That’s not the entire cast, and I don’t mean to disparage anybody leaving them out… everybody did fantastic work.
There’s another beloved Arrowverse character showing up in the live read as well. Can you hint at who that might be?
If people have read the script because it’s out there, there are cameos not just limited to teen shows. And in one case, as I said, we’ve got Greg Berlanti as The Flash, and there are a couple of Arrowverse characters who show up, and one of them shows up via special arrangement with Marc Guggenheim, who did us a huge favor and got us…. I won’t say who it is, but you’ll know exactly what Marc did. But I think I think fans of the DC crossovers well, love this little cameo when it pops up.
In the cases where the original actors did not return, will be visual cues for who they are supposed to be?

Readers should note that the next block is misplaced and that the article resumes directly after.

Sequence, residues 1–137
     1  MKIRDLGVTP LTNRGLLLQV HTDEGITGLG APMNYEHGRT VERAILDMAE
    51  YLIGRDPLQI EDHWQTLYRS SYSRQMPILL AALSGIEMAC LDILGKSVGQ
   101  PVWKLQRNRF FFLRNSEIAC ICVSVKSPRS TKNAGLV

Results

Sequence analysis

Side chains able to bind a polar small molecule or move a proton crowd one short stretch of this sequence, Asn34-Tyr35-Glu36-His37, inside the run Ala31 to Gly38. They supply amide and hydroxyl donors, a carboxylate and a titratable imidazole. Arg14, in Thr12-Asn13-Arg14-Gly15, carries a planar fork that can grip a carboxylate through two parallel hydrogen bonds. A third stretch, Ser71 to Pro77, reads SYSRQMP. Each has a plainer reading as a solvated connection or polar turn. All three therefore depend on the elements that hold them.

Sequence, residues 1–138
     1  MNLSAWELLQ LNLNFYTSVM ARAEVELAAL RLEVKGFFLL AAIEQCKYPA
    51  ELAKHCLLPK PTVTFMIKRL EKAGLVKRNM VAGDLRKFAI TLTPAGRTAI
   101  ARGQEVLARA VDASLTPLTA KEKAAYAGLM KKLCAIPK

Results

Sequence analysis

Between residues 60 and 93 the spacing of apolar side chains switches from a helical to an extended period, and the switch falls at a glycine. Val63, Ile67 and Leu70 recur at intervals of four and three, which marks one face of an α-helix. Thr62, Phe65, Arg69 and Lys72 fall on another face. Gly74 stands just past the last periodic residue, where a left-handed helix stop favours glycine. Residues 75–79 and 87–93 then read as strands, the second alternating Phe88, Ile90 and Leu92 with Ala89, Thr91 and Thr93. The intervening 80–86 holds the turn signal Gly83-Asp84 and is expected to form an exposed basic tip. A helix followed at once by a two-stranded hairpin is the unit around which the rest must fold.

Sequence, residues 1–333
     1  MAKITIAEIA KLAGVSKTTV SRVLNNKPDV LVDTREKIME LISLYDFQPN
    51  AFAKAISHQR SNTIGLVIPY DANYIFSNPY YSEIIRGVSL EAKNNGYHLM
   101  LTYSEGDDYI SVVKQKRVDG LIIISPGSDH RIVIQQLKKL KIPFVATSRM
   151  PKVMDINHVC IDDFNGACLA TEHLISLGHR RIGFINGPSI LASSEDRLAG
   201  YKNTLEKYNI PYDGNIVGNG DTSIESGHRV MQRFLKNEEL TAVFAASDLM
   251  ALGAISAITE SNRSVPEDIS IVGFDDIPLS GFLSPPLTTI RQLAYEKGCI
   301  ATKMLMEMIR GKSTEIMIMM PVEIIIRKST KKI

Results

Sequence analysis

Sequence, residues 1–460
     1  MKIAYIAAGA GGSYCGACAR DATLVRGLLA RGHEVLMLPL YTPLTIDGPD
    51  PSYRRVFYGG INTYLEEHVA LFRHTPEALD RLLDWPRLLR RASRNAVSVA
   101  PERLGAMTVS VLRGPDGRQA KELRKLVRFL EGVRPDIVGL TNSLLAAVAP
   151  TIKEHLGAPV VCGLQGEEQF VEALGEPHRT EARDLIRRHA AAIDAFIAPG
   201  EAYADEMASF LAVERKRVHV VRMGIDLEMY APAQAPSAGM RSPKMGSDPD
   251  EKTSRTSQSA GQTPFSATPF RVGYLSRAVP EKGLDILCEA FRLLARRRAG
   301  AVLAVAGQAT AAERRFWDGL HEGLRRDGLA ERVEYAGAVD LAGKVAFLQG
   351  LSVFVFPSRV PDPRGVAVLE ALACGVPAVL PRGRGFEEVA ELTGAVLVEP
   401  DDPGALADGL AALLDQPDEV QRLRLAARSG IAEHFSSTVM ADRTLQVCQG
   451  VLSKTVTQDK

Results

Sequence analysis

There’s a great thing that our editor did. Every actor has got a caption below that says their name, their character’s name and a picture of the original actor next to them, and so that’ll help visually track, as some of these people are playing different parts throughout, so you’ll be able to remember and be like “okay, I get it.”
You know, we’ve talked about your love of teen dramas. You’ve also been a fan of Superman as long as I’ve known you. So, what have you been up to lately?
I’ve been working for most of the year on Superman & Lois as the writer’s assistant. It’s been a lot of fun being in the room. It’s basically the fourth room I’ve been in, so I’m used to working with a staff, and this staff is great. For most of the season we’ve been doing via Zoom, which is a bit of a challenge, but everybody who I have worked with is just great and [they] have such fantastic ideas. We’re really, really excited about the Superman stuff we’re doing.